First, you need to update the Profile class in the src/profile.js file and add the birthdate attribute:

    this.birthday = birthday

    Then you need to update the profile object that we’ve created in the src/app.js file:

    import {Profile} from './profile';
    export class App {
    constructor() {
      this.selectedLocale = 'ar'
      this.profile  = new Profile('Shanika','SSE','0771234567',54.450,new Date(1992, 03, 27,0,0,1))

    Please note that we have created a new date object with the new Date() function.

    Now you need to add the date information to the src/app.html file. For that, we can make use of the df function in the same way we utilized nf when performing number formatting:

    ${ profile.birthday | df : { year: 'numeric', month: 'numeric', day: 'numeric' } : selectedLocale }

    In the interface, we need to add the line ‘My birthday is 1992/03/27’. Therefore, update the translation files:


    "my_birthday_is" : " عيد ميلادي "


    "my_birthday_is" : " Mi cumpleaños es "


    "my_birthday_is" : "My birthday is "


    "my_birthday_is" : " 我的生日是 "

    Now we are done with the translation files. Let’s check different output starting with the en locale:
    Aurelia i18n
    When locale is es:
    Aurelia i18n
    When the locale is arab:
    Aurelia i18n
    When the locale is zh:
    Aurelia i18n

    Bundle translation files

    With this feature, you can bundle your translation files into the Aurelia bundle. To achieve that, simply add the json extension to the list of extensions inside the aurelia.json file:

    "loader": {
       "type": "require",
       "configTarget": "vendor-bundle.js",
       "includeBundleMetadataInConfig": "auto",
       "plugins": [
           "name": "text",
           "extensions": [
           "stub": true

    Translating with Lokalise

    Developing an application with internationalization is not that difficult as it seems to be. The use of the right tools and libraries will make this process much easier when applying internationalization to your project. You will no longer need to waste your time and energy to translate each text and element right inside the codebase. And Lokalise is the perfect tool for internationalizing an app with the least amount of effort.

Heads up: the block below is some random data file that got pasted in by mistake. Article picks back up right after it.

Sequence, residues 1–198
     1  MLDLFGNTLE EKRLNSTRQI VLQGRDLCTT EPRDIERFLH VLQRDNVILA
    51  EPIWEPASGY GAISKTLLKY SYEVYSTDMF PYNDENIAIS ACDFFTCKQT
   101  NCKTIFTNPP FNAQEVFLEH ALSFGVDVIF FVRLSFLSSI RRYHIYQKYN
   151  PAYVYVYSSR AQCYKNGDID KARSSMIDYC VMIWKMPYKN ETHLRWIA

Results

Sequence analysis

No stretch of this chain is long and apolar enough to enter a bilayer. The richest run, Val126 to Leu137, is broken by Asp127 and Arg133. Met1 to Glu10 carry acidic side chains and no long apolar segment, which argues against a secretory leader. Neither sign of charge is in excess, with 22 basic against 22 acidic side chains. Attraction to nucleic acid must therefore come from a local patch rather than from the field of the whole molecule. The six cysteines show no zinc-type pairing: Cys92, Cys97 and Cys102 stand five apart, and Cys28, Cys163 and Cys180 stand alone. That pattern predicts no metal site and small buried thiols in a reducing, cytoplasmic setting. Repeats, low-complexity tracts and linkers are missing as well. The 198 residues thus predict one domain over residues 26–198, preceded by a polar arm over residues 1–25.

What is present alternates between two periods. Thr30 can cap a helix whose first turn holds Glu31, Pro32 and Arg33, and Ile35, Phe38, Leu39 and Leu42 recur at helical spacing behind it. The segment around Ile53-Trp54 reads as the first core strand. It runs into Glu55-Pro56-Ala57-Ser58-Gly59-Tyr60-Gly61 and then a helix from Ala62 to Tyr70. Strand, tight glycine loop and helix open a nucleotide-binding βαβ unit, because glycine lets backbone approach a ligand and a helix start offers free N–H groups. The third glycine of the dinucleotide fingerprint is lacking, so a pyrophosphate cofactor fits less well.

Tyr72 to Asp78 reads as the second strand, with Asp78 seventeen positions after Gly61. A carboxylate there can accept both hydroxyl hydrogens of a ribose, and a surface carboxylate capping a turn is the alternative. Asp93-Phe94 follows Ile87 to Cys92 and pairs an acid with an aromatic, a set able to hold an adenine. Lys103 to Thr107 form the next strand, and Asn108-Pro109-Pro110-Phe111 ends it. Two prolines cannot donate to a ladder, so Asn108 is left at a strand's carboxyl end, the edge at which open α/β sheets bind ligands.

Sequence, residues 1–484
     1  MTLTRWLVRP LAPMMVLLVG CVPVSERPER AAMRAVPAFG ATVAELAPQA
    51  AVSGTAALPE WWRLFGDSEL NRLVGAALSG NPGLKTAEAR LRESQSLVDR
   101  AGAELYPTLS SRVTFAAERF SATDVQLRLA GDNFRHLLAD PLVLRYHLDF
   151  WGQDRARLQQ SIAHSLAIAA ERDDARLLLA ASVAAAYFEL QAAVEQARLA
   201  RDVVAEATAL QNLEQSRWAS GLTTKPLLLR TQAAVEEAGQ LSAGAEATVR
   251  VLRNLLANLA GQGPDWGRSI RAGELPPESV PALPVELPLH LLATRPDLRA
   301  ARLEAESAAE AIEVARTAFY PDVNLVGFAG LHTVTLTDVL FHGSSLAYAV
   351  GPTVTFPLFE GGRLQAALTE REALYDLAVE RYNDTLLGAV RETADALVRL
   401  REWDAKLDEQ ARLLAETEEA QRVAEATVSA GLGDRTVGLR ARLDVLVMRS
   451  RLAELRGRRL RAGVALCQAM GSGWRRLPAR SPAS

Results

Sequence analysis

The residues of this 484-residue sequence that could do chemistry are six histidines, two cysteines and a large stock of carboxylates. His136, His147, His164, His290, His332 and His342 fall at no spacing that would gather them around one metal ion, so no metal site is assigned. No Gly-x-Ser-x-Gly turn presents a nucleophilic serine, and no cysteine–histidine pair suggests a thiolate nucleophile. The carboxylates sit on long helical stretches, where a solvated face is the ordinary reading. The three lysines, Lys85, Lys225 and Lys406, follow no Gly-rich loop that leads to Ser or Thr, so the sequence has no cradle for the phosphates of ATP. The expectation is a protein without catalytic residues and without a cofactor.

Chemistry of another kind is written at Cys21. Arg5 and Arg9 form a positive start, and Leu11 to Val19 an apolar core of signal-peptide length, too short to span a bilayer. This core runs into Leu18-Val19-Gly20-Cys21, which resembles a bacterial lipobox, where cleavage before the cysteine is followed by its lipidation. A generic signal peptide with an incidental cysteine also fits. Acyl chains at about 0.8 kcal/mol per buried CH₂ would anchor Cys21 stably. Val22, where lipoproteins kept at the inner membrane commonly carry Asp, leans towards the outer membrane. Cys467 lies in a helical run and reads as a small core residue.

The process of integrating Lokalise with your application is quite easy. Follow the below steps to start using Lokalise:

    1. Grab your free trial.
    2. Then, install the Lokalise CLI to your PC. You can create projects, upload, and download translation files with this command line interface.
    3. Then open your Lokalise profile and navigate to the “API tokens” section. Create a new read/write token (remember to keep it private) and copy it.
    4. Now, you can create a new translation project on Lokalise and set the base language to English.
    5. Open your project, click the “More” button, and navigate to the Settings section.
    6. There, you have to copy the project ID. Then you can execute the following command: lokalise2 file upload --token <token> --project-id <project_id> --lang_iso en --file PATH/TO/PROJECT/src/locales/translations/en/translations.json.
    7. The above command will upload English translations from your Aurelia app to Lokalise. To upload more languages, you have to execute the above command with the path to the relevant JSON files.
    8. Now, you can proceed to the project page and perform translations there or invite a new collaborator to help you out.
    9. Finally, you can download the modified translations with the following command: lokalise2 file download --token <token> --project-id <project_id> --format json --dest PATH/TO/PROJECT/src/locales/.

    Lokalise provides other features including project branching, integrations with popular services like GitHub or Bitbucket, quality assurance checks, and many more!


    In this tutorial, we’ve discussed how we can use the Aurelia framework for developing an application that supports localization. So we learned how to translate a simple text with the Aurelia i18n and several other important localization features such as currency formatting, number formatting, and date formatting. Finally, we discussed how we can integrate lokalise translation management system into our application in order to automate the translation process. So that’s pretty much about it. You can use the concepts we used for developing our simple application and use them for any other scenarios as well. To know more about internationalizing JavaScript applications, check out our React and Vue i18n guides.